Sportsnet’s Elliotte Friedman set the hockey world aflame a couple of weeks ago with his rumour about a “mystery forward” that the Toronto Maple Leafs were potentially in on, revealing in his latest edition of 31 Thoughts that the player he had in mind was Nashville Predators forward Mikael Granlund. While Granlund may not be the sexiest name on the market, the 28-year-old winger brings a unique combination of skill and smarts that would complement the Maple Leafs’ already stacked top-six.
Here’s a look at why the Maple Leafs are reportedly looking to bolster their offence, and why Granlund’s name has been thrown around as a potential target.
The Maple Leafs Need Their Second Line to Get Going
With a sterling record of 14-3-2 and a commanding lead in the North Division, it’s hard to complain about the Maple Leafs right now: the Auston Matthews-Mitch Marner duo is lighting it up, the new and improved defence looks better than ever, and goaltender Frederik Andersen has found his rhythm of late. However, there is one issue that’s hard to ignore for even the most optimistic fan, and that’s the sputtering second line.
Although their point totals look respectable on paper, John Tavares (6-11-17) and William Nylander (5-9-14) haven’t been at their best this season, especially at five-on-five. In over 200 five-on-five minutes together, the pair have combined for just seven goals for despite relatively cushy usage, including just two goals between them in the last eight games. Compare that to Matthews and Marner, who have outscored the opposition 22-7 while generally taking on tougher matchups, and you can see why there’s a potential problem here.
There is a silver lining, though. Despite their scoring struggles, Nylander and Tavares are still dominating together, posting a solid 56 percent expected goals for (xGF%) while controlling over 53 percent of shot attempts (CF%). Those numbers are just slightly worse than what we’ve seen from the Matthews-Marner duo (59% xGF, 55% CF), which suggests that the goals may come for Toronto’s second line.
It’s also worth mentioning that the line looked particularly strong last week when Alexander Kerfoot took a turn on the wing, and we know based on last season’s results that the combination can work. The issue, of course, is that when you remove Kerfoot from the third line centre role, the Maple Leafs’ depth suddenly looks a lot worse with Pierre Engvall asked to carry that burden. He’s not a long-term solution. And while we can argue about Kerfoot’s effectiveness as the Leafs’ 3C (I think he’s been fine), he’s a more trustworthy option than the 6-foot-5 Swede.
All of this is to say that while Kerfoot may be able to help the struggling second line, he’s probably not the player you want there down the stretch, especially into the playoffs. If Kerfoot stays put on the third line, that leaves the team with either Joe Thornton (he seems to be glued to the top line, at least for now), Zach Hyman (head coach Sheldon Keefe seems to prefer him in a third-line shutdown role), or a new option, which is where Granlund comes in.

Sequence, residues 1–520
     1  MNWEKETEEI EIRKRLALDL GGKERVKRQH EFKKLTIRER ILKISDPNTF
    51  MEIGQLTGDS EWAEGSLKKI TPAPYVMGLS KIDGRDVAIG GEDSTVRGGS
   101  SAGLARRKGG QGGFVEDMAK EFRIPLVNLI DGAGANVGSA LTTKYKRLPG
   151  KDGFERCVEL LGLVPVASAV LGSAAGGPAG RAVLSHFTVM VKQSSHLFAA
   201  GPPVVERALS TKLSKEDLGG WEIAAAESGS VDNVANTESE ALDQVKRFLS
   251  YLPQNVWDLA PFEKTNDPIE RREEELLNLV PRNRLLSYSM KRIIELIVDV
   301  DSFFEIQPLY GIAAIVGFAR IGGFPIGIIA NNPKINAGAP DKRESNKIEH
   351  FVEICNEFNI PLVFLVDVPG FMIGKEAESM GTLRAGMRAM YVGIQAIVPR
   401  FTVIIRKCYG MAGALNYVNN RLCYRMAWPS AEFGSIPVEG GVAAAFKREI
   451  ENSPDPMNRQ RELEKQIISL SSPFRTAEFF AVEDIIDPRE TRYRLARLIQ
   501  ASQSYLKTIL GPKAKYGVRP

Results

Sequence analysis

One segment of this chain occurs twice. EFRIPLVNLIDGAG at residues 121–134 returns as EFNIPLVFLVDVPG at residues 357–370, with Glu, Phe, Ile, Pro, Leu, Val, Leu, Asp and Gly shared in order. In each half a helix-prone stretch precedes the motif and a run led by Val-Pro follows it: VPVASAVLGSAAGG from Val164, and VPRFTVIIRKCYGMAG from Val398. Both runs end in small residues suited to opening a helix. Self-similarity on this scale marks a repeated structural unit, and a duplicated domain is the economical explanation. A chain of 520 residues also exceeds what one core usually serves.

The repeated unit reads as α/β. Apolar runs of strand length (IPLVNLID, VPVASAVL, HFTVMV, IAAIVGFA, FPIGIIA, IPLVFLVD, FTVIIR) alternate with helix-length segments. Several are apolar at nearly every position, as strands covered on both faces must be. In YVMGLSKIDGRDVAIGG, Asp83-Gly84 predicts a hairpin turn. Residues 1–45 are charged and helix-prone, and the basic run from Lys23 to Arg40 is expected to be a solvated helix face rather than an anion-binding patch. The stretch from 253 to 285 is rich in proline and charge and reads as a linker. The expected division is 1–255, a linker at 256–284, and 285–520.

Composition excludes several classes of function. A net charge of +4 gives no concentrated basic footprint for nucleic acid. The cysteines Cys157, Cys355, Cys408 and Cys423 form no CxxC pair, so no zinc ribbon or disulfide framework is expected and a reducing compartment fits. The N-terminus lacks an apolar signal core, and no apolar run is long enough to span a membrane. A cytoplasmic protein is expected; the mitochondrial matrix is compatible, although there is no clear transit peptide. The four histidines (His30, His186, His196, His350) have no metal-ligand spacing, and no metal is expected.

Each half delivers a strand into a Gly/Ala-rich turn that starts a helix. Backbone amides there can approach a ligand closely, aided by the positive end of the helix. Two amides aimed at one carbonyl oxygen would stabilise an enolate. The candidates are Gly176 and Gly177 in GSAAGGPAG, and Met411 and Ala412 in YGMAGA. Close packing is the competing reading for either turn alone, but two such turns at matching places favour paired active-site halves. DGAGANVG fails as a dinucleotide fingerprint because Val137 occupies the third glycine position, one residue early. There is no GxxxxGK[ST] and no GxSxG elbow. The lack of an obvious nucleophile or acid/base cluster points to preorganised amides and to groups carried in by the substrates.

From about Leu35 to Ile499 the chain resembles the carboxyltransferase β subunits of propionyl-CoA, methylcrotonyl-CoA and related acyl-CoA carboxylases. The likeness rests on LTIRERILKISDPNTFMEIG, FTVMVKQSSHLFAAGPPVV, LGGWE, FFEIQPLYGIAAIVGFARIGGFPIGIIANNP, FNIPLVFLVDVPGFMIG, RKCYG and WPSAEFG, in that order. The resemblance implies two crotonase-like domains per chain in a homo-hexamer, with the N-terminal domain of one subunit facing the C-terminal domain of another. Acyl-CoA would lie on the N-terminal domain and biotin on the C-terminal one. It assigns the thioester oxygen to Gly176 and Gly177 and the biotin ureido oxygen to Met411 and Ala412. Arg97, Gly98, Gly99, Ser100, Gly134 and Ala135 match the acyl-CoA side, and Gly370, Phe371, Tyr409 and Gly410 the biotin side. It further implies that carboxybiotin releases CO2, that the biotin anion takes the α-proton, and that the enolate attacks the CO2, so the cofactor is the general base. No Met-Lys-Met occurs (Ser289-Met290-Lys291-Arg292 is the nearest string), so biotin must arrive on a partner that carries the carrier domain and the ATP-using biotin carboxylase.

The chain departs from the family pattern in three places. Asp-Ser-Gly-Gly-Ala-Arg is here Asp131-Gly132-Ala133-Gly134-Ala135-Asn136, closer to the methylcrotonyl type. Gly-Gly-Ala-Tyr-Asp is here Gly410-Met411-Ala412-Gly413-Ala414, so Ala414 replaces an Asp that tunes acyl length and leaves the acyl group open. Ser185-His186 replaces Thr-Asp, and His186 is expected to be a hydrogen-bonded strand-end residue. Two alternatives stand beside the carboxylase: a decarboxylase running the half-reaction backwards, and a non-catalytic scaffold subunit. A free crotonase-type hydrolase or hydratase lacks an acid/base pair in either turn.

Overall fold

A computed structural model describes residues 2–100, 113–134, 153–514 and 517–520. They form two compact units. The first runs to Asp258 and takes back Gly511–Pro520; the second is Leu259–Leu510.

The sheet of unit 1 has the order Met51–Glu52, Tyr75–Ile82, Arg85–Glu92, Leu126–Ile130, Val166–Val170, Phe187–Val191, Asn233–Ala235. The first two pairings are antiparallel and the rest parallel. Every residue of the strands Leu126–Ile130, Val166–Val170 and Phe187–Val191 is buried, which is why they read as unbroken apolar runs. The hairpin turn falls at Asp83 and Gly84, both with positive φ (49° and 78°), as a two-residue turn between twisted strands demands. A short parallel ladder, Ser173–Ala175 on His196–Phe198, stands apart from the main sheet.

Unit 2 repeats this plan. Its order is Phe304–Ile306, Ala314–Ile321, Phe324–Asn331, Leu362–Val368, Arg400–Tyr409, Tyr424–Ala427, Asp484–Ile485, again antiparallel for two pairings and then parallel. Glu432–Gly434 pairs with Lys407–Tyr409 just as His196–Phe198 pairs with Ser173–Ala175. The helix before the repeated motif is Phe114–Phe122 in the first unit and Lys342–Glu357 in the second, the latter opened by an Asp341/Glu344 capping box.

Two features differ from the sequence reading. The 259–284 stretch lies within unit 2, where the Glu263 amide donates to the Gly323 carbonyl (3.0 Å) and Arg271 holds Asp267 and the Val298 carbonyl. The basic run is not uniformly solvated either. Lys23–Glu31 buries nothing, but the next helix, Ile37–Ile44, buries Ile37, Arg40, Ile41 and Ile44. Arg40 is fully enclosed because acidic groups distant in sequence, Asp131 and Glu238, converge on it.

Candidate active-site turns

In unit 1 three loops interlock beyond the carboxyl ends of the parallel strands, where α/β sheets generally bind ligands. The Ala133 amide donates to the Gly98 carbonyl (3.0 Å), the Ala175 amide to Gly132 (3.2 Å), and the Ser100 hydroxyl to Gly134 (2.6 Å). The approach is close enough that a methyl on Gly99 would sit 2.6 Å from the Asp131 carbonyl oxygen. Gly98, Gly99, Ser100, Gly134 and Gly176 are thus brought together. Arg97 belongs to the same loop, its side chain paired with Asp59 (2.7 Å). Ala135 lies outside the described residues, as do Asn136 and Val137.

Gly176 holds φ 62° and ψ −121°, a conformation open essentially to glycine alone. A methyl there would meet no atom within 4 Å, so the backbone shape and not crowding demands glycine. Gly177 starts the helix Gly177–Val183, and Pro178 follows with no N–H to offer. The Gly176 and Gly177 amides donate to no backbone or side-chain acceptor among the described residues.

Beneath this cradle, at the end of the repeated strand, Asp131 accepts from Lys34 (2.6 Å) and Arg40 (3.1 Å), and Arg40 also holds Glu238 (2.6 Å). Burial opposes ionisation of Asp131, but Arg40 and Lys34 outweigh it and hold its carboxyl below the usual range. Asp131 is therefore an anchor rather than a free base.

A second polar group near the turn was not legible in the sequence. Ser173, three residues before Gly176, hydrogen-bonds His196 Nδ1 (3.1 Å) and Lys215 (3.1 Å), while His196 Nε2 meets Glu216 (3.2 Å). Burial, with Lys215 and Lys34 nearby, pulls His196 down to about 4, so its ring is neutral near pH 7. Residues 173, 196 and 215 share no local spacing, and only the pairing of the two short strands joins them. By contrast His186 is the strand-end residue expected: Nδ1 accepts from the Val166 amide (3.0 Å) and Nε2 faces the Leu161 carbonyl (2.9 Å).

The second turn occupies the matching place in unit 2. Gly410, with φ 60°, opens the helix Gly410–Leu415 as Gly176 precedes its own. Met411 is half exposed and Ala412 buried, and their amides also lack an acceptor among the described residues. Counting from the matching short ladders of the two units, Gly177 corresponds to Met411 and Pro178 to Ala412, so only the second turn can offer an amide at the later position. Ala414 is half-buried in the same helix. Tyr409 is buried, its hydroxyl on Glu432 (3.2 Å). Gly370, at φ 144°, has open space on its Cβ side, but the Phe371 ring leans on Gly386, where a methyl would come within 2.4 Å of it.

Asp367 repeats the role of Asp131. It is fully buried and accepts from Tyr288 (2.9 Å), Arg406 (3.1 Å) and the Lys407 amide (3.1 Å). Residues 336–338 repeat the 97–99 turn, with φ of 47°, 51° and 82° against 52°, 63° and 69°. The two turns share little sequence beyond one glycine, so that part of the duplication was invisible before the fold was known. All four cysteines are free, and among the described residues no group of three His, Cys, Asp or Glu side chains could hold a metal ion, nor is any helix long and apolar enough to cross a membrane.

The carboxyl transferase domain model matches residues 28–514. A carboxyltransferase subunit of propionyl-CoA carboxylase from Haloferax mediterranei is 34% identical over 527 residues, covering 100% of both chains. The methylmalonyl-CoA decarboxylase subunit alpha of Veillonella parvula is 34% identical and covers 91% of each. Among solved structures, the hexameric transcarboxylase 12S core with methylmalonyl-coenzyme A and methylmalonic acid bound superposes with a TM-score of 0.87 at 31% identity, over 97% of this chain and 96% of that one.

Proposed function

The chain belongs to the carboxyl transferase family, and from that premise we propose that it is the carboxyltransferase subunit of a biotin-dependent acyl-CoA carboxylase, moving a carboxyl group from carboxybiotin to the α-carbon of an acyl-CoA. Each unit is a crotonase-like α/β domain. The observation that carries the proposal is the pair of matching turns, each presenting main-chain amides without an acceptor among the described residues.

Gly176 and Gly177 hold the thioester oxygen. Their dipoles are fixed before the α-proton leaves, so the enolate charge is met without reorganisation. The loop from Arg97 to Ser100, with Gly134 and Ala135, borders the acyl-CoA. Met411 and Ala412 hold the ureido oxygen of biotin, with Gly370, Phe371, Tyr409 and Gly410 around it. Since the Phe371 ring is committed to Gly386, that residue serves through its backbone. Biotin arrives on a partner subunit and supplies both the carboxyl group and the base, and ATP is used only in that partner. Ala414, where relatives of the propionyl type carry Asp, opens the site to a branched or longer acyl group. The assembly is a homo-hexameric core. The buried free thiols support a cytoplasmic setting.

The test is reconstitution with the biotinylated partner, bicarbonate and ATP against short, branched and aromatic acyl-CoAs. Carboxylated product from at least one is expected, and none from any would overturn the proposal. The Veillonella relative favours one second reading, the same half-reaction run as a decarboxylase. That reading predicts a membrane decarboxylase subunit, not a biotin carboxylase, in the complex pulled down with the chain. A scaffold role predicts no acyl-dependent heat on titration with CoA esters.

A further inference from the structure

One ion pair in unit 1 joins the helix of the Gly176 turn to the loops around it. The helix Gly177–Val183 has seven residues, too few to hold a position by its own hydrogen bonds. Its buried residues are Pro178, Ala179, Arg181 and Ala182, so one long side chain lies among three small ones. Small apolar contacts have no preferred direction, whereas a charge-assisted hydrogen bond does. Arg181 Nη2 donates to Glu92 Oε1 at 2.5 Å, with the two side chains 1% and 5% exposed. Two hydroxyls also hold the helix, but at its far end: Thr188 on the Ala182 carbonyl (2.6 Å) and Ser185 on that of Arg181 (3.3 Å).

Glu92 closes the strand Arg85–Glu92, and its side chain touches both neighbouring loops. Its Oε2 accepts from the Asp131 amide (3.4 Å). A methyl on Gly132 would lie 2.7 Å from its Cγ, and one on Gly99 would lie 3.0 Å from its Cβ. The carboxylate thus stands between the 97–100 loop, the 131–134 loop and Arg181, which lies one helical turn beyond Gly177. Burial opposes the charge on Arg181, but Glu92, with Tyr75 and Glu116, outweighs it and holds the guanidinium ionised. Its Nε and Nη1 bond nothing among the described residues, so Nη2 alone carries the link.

Granlund’s Skillset Would Complement the Leafs’ Stars
Granlund is interesting in that he doesn’t have any standout skills that will blow you away; he’s not the fastest or biggest player on the ice, nor does he have the best hands or the hardest shot. Rather, he’s a jack of all trades type of player, which allows him to adapt to whatever role he’s placed in.
During his best years with the Minnesota Wild, the Finn played primarily alongside Jason Zucker and either Eric Staal or Mikko Koivu in a top-six role, collecting 185 points in 221 games from 2016-17 to 2018-19. While he hasn’t shown that same level of production since being traded to the Predators, Granlund still carries the reputation of a player who can elevate his game alongside stars while also being excellent in his own zone.
Although his offence has trailed off since joining Nashville (where he’s scoring at a 37-point pace), he was an elite two-way force during his prime with the Wild. While the Maple Leafs may not be getting the absolute best version of Granlund, who turns 29 this week, there is an argument to be made that he could regain his scoring touch next to stars like Tavares and Nylander, who would probably be the best linemates he’s ever had. Couple that with his defensive prowess, and Toronto would have a pretty sturdy second line.
Granlund Could Be Had for Cheap
With the recent news that Nashville is open for business, they’ll be looking to sell off spare parts before the trade deadline on April 12. Given his lack of success in Music City, you’ve got to think that Granlund’s stock is at an all-time low. That’s not to say that he’ll be given away for a bag of pucks, but the Predators won’t be able to demand a king’s ransom for a struggling forward on an expiring deal.
Speaking of his contract, Granlund is making $3.75 million this season, which seems like a bit of a bargain. However, with just over $44,000 in available cap space, the Maple Leafs would have to pull some strings to make it work. They would have to send a couple of bodies the other way and would likely ask Nashville to retain some money as well. Would an offer of Jimmy Vesey, a B-level prospect (Filip Hallander?), and a second-round pick do the job? Maybe not, but a lot will depend on how desperate Nashville is to recoup some value on expiring contracts before the deadline.
Based on the way this season is shaping up, the Maple Leafs should have their best shot at the Cup in recent memory. It’s time to go all-in, and Granlund may be the first chip to fall.
Stats from naturalstattrick.com
Chris Faria is a contributor for The Hockey Writers with a focus on the Toronto Maple Leafs. A hockey player and self-proclaimed analytics nerd, his work aims to combine both stats and a deep knowledge of the game. He is currently pursuing a graduate diploma in sports journalism at Centennial College in Toronto.